- To bring a lawsuit against.

(76) persecute,
prosecute
- He was PERSECUTED for his
religious beliefs.
- Jack is being PROSECUTED
for libel.

(77) Plurals that do not


end in -s
- CRITERIA, MEDIA, and
PHENOMENA are plural and
should not be treated as if
theyre singular.

(77) Plurals that do not


end in -s

INCORRECT
- That criteria for selecting a
winner is unfair.
CORRECT
- Those criteria for selecting a
winner are unfair.

(78) poorly
- used informally to mean
ILL
- Avoid using this in formal
writing.

(78) poorly
INFORMAL
- Mom is feeling poorly.
FORMAL
- Mom is feeling ill.

(79) precede,

proceed

PRECEDE
- To go before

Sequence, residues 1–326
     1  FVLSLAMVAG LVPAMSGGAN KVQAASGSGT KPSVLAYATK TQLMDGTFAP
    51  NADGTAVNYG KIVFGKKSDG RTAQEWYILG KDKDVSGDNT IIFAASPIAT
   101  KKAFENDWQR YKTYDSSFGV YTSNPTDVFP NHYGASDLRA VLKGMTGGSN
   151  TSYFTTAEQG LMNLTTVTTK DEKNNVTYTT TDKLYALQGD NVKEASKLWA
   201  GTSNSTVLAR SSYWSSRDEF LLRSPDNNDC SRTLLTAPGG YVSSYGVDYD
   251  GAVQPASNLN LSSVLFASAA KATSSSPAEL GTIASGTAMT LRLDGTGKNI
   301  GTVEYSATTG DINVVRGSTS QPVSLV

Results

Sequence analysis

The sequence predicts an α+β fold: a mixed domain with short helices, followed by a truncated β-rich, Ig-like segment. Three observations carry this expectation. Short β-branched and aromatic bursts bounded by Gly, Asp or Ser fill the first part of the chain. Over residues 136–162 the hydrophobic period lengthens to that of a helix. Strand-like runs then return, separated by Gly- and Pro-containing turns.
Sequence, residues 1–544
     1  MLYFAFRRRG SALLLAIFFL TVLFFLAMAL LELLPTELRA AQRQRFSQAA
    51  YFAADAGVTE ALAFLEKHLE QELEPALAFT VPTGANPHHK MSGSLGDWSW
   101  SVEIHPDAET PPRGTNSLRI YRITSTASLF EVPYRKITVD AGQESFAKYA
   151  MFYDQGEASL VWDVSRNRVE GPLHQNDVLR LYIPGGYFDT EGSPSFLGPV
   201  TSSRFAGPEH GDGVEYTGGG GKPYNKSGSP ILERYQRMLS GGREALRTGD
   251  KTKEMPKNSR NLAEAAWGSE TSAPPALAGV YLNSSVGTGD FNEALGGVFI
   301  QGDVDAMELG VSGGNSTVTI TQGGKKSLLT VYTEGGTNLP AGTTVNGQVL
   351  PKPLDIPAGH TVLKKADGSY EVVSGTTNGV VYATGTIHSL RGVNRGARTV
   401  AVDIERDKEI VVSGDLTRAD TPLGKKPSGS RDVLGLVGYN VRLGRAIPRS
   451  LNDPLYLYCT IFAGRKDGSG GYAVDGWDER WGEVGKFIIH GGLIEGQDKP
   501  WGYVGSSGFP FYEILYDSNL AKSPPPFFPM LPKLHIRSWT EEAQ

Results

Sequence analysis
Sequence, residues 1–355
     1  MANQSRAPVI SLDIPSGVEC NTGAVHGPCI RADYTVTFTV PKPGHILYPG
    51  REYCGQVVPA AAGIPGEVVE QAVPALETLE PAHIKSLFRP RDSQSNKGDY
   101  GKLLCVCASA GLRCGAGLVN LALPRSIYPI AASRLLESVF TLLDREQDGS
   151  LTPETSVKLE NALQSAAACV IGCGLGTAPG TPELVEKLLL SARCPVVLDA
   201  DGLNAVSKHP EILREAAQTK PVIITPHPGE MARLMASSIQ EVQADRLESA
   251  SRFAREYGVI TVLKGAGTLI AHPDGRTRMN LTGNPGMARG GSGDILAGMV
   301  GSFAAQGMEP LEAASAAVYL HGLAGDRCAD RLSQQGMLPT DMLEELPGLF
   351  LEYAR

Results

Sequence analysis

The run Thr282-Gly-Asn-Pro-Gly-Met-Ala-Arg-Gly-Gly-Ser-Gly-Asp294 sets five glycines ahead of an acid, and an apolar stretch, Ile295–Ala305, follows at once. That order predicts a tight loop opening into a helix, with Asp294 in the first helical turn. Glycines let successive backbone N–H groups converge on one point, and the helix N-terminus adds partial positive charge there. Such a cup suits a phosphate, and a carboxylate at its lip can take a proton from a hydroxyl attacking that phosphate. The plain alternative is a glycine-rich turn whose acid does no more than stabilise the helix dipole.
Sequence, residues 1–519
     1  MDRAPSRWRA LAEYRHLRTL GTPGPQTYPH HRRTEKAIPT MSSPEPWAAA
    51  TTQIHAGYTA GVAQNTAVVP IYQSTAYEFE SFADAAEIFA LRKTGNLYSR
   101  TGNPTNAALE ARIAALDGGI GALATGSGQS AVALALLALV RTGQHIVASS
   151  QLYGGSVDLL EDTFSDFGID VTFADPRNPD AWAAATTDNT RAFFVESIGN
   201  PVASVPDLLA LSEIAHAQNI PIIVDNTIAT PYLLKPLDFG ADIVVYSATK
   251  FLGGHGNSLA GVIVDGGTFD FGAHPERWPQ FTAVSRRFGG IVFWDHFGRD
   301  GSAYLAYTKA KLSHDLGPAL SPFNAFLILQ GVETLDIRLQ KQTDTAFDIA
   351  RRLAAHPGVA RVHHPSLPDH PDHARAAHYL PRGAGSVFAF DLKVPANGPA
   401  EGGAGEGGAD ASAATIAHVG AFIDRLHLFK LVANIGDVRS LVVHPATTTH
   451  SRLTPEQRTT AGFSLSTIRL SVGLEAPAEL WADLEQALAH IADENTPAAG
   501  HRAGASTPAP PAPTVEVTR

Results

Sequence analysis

PROCEED
- To move or go forward

(79) precede,

proceed

- The preceding paragraph


introduced the topic.
- Proceed to the next step.

(80) principal,
principle
PRINCIPAL
-Adj., a person who has
controlling authority
- Most important
PRINCIPLE
- noun, a fundamental law or
belief

(80) principal,
principle
- His principal goal is to make
money.
- Mr. Santos is the schools
principal.
- All religions have different
principles.

Buddy
Buddy

(81) raise, rise


RAISE
-usually take a direct object
RISE
- Never takes a direct object

(82) real
REAL
-authentic
The use of REAL to mean
VERY or REALLY should be
avoided in formal writing.

(83) says
SAYS should not be
substituted for SAID.

(84) seen
SEEN
-past participle and can be
used as a verb only with a
helping verb.

(85) set, sit


SET
-to put in a certain place
SIT
-to be seated

(86) shape
SHAPE
- Spatial form
In formal writing, avoid